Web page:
Post debate thoughts ...
Let me start by saying that there are three tiers to our grading scale. Who won, who improved, and who shouldn't even be on stage. Let's start with the latter first.
Ron Paul, Sam Brownback, Tom Tancredo, Jim Gilmore, and Thommy Thompson have no business in this debate. I'd really like to like Brownback, but he comes across flat. Tommy-boy never had a chance for the sheer fact that despite being in the administration, no one knows who the Hell he is. Tancredo has two issues now -- immigration, and how Karl Rove snubbed him. Gilmore is another no name with no shot. And Ron Paul is, well, Ron Paul. He was a bit more subdued tonight (some are speculating he might have taken his meds tonight?) but he's still nutty as a fruitcake.
Who showed improvement tonight were Duncan Hunter, Mike Huckabee, and yes, John McCain. Huckabee seemed to get into the game a bit more. Hunter was on top of the issues he was handed. And John McCain sounded far better than he has in the previous two debates. Likewise, I'll give him kudos for going out and trying to make a case for his immigration plan, though it still fell flat. (Um, hint to Senator Queeg, the VAST MAJORITY of Americans are opposed to the bill. Please, let it die in peace and START OVER.) BONUS POINT: If you catch a replay of the debate, Play the John McCain drinking game; drink every time you hear him say "my friends." Trust me, it'll be fun.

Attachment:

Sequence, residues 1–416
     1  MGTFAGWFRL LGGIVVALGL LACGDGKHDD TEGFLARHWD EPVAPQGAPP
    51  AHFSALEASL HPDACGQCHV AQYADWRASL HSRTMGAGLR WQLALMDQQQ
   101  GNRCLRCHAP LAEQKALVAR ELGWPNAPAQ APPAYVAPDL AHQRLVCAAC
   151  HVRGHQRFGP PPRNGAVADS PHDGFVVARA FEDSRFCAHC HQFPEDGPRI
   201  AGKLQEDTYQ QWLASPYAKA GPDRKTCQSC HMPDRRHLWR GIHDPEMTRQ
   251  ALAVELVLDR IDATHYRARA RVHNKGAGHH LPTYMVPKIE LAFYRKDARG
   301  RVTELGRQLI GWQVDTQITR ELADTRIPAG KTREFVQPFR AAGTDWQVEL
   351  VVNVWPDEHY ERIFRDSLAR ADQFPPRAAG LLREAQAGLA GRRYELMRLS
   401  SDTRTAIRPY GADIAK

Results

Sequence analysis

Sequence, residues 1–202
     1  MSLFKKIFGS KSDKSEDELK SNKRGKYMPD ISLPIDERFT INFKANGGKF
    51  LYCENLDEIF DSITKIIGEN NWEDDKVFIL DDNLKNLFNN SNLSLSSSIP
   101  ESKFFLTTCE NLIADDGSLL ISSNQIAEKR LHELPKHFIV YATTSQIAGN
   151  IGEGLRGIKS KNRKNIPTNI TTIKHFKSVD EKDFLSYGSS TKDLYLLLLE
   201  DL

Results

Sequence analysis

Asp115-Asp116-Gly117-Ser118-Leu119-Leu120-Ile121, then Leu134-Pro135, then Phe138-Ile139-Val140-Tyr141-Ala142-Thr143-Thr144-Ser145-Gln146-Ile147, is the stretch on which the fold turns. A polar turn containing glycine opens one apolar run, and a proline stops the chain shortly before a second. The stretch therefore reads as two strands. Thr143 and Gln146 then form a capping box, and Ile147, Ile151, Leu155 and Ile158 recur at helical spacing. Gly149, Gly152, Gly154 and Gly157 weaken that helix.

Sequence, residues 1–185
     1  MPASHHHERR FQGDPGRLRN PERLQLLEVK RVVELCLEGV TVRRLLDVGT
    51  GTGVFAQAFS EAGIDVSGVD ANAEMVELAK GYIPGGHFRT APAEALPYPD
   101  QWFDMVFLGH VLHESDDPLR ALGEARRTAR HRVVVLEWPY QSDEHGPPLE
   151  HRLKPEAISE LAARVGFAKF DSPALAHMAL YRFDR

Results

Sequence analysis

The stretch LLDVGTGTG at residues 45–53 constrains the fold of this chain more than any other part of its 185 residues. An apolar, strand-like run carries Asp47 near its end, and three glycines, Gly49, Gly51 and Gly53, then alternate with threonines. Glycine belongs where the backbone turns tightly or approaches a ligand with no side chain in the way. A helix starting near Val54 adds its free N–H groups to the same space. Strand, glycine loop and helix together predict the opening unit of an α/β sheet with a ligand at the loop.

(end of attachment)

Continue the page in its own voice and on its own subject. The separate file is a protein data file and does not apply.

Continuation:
The stand outs are still Rudy and Mitt. Rudy has been on fire since the second debate, and he lit up CNN's bell tonight by questioning whether the media will report "good news" from Petreus in September if that's the message from him. The lightning bit was good for some laughs, and will likely reflect well with social conservatives. He also made serious points with the "this war isn't a bumper sticker; it's real" comment at the start of things tonight. Mitt carried himself well. Jim Geraghty says 'unflappable,' and we couldn't agree more. He was professional, and refused to bite Wolf Blitzer's bait over McCain and immigration. (The essence of style in refusing to air the dirty laundry on stage.) He also slammed a home run on Wolf's underhanded Mormon question. I really wish the media would drop this issue. It's not relevant, and we find it repulsive to continue bringing it up.
All in all, the debate wasn't bad, and the questions from the audience were better than the Politico ones from the first debate. A lot more of this debate revolved around policy, and the candidates were able to air (read: filibuster) their way through their positions.